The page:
Ever wondered why, no matter how hard you pound it at the gym or measure portions in the kitchen, you can’t shift those last few kilograms? We have some surprising answers – and excellent tips to get you to your goal.
When it comes to the eternal question, “Why are we fatter now?” the medical community has long pointed a latex-gloved finger at the “big two”: too much food combined with not enough exercise. But new research suggests there’s a whole host of other fat-promoting factors that have nothing to do with how many kilojoules you cram in or how often you work up a sweat. “When looking for ways to combat obesity, we need to be aware of all the possible causes,” says Dr Yann Klimentidis, a geneticist at the Nutrition Obesity Research Centre in the US. Here, we give you the seven major fat traps standing between you and your goal weight.
1. Check The Heat
A warm home could be bad news for a hot body. A study in the International Journal Of Obesity found people with higher than average home temperatures were more likely to become obese. It’s to do with your body’s brown fat, which, unlike white fat, burns kilojoules. Brown fat is switched on and off during the day, depending on the temperature and whether you’re exercising or eating.
When the mercury drops below 18°C, it starts burning energy – excess kilojoules that might otherwise have been stored as fat – to keep you warm. If you don’t regularly expose yourself to temperatures lower than 18°C, you start to lose your brown fat, along with its slimming powers.
As temps fall from 28°C to 15°C, we steadily burn more energy, explains Dr Fiona Johnson, a health psychology researcher at University College London who specialises in eating behaviour and weight regulation. “So turning up the aircon by any amount is likely to have some small effect.” Keeping your home and office below 18°C – and as close to 15°C as you can tolerate – works best. Brrr.
2. The Bacteria In Your Gut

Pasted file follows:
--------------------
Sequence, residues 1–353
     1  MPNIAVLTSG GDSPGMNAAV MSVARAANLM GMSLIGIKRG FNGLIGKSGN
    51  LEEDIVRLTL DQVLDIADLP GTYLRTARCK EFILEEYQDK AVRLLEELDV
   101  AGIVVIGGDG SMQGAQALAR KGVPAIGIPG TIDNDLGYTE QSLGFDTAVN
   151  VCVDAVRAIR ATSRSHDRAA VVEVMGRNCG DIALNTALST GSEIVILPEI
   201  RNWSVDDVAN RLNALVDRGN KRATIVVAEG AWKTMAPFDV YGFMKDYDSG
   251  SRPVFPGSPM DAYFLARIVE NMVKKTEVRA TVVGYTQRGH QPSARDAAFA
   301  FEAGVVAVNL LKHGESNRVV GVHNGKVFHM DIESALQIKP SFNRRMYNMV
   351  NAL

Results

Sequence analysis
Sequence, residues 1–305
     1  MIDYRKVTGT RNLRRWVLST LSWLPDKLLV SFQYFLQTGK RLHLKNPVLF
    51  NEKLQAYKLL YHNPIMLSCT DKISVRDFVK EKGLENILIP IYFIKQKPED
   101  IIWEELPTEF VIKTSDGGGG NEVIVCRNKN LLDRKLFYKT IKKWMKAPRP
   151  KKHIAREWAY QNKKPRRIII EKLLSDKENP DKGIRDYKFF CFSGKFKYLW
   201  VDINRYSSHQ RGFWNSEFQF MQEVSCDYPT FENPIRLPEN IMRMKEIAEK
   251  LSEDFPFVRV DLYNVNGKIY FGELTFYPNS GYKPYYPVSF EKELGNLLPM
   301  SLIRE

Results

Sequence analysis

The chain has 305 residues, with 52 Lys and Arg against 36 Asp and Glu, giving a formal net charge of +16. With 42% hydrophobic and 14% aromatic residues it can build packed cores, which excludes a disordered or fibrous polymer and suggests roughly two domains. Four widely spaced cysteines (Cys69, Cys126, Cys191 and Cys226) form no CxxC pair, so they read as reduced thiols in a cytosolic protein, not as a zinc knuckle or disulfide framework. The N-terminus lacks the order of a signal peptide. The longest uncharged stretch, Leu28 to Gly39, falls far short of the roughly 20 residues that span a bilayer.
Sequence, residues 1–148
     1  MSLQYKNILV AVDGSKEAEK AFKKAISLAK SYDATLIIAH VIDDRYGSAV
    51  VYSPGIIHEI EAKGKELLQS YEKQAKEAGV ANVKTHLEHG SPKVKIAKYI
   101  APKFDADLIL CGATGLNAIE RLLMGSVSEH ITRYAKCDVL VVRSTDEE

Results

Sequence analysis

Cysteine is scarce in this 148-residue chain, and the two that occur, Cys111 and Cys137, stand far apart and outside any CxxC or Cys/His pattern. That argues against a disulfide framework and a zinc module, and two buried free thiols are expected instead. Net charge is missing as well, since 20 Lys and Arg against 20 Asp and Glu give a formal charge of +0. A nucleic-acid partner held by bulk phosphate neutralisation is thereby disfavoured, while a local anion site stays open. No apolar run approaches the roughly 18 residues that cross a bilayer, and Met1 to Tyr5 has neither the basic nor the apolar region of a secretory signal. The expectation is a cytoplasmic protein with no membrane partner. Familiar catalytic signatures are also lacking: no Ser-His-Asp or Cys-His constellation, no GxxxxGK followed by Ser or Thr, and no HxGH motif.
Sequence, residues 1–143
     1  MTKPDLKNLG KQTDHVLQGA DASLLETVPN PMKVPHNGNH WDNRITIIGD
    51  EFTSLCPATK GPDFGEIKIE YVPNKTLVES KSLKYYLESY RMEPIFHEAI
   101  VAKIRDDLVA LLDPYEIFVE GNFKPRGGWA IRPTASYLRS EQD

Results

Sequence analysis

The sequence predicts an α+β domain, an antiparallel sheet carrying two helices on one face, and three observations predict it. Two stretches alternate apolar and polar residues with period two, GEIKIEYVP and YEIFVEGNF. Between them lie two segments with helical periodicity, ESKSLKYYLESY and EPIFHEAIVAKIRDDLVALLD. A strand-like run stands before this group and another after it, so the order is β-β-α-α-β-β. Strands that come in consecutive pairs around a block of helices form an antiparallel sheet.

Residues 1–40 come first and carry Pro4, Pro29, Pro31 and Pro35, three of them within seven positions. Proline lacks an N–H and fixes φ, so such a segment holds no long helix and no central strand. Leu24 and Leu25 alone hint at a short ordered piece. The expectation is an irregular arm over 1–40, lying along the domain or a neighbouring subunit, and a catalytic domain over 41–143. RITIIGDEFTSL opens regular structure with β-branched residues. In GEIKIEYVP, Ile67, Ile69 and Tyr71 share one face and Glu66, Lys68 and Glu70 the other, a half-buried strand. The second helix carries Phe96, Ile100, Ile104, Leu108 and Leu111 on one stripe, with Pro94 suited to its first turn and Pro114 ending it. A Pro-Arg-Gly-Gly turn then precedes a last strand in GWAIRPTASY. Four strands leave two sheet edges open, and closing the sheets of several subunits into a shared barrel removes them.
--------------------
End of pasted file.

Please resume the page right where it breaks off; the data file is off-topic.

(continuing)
It sounds a bit Mulder and Scully, but 90 percent of the cells in your body aren’t human; they’re microbes that can have a big impact on your weight. When a team of US researchers took bacteria from the guts of thin and obese humans and transplanted them into mice, the ones that got the bacteria from the obese people put on more weight.
Turns out some common gut bacteria can suppress a protein called FIAF (fasting-induced adipose factor), which stops the body from storing fat. And – you guessed it – a diet high in fat and sugar encourages the growth of these bacteria. Cutting down could not only help you lose fat, but also create a gut environment with more beneficial bacteria.
If you don’t fancy giving up glazed doughnuts, Japanese research showed overweight people who kept their unhealthy diet but had a probiotic every day lost an average of one kilogram in 12 weeks. Not bad for doing virtually nothing. Oh, and avoid antibiotics unless strictly needed, as even low doses alter the balance of tummy bacteria in ways that could increase fat. See, it does pay to listen to your gut.
3. The Air You Breathe
You’re all set for a run. But will it be the treadmill or the street? If you live in a busy city, the treadmill might be better, because breathing in polluted air boosts both the size and number of fat cells, according to US research. They say raised levels of TNF-alpha – tumour necrosis factor-alpha, a protein involved in inflammation – may be to blame.
“We believe air pollution plays a very important role in the current obesity epidemic, especially taking into account exposure over a lifetime and outdoor activity,” says study leader Dr Xiaohua Xu. Even in the countryside you can’t entirely escape it, as pollution particles are carried on the wind. Try Mapmyrun.com – it’s a cute little community site that can help you find and examine other runners’ routes that are least traffic-clogged. Breathe easy.
4. Post-Pub Carb Attacks